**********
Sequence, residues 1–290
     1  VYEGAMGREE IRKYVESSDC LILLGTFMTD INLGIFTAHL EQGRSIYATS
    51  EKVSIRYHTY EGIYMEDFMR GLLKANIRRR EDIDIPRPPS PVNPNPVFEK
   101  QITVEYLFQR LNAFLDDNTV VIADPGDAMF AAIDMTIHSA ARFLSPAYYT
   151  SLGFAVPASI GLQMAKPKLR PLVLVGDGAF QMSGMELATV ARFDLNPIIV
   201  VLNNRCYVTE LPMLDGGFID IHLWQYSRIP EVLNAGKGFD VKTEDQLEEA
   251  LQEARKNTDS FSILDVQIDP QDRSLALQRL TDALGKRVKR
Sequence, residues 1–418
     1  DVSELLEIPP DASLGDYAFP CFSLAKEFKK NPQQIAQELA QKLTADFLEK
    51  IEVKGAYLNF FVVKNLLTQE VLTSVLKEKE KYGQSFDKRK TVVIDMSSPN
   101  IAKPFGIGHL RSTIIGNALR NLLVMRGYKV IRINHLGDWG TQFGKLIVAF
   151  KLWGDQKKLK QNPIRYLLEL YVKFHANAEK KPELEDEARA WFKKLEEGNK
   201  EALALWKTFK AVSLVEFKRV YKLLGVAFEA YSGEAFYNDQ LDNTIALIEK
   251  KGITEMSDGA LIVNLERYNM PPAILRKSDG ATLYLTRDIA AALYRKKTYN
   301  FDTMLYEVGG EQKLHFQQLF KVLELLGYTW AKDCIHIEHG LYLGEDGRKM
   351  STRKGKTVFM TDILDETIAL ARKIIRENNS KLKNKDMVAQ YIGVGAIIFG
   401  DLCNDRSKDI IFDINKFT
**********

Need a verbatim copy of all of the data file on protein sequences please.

Sequence, residues 1–290
     1  VYEGAMGREE IRKYVESSDC LILLGTFMTD INLGIFTAHL EQGRSIYATS
    51  EKVSIRYHTY EGIYMEDFMR GLLKANIRRR EDIDIPRPPS PVNPNPVFEK
   101  QITVEYLFQR LNAFLDDNTV VIADPGDAMF AAIDMTIHSA ARFLSPAYYT
   151  SLGFAVPASI GLQMAKPKLR PLVLVGDGAF QMSGMELATV ARFDLNPIIV
   201  VLNNRCYVTE LPMLDGGFID IHLWQYSRIP EVLNAGKGFD VKTEDQLEEA
   251  LQEARKNTDS FSILDVQIDP QDRSLALQRL TDALGKRVKR
Sequence, residues 1–418
     1  DVSELLEIPP DASLGDYAFP CFSLAKEFKK NPQQIAQELA QKLTADFLEK
    51  IEVKGAYLNF FVVKNLLTQE VLTSVLKEKE KYGQSFDKRK TVVIDMSSPN
   101  IAKPFGIGHL RSTIIGNALR NLLVMRGYKV IRINHLGDWG TQFGKLIVAF
   151  KLWGDQKKLK QNPIRYLLEL YVKFHANAEK KPELEDEARA WFKKLEEGNK
   201  EALALWKTFK AVSLVEFKRV YKLLGVAFEA YSGEAFYNDQ LDNTIALIEK
   251  KGITEMSDGA LIVNLERYNM PPAILRKSDG ATLYLTRDIA AALYRKKTYN
   301  FDTMLYEVGG EQKLHFQQLF KVLELLGYTW AKDCIHIEHG LYLGEDGRKM
   351  STRKGKTVFM TDILDETIAL ARKIIRENNS KLKNKDMVAQ YIGVGAIIFG
   401  DLCNDRSKDI IFDINKFT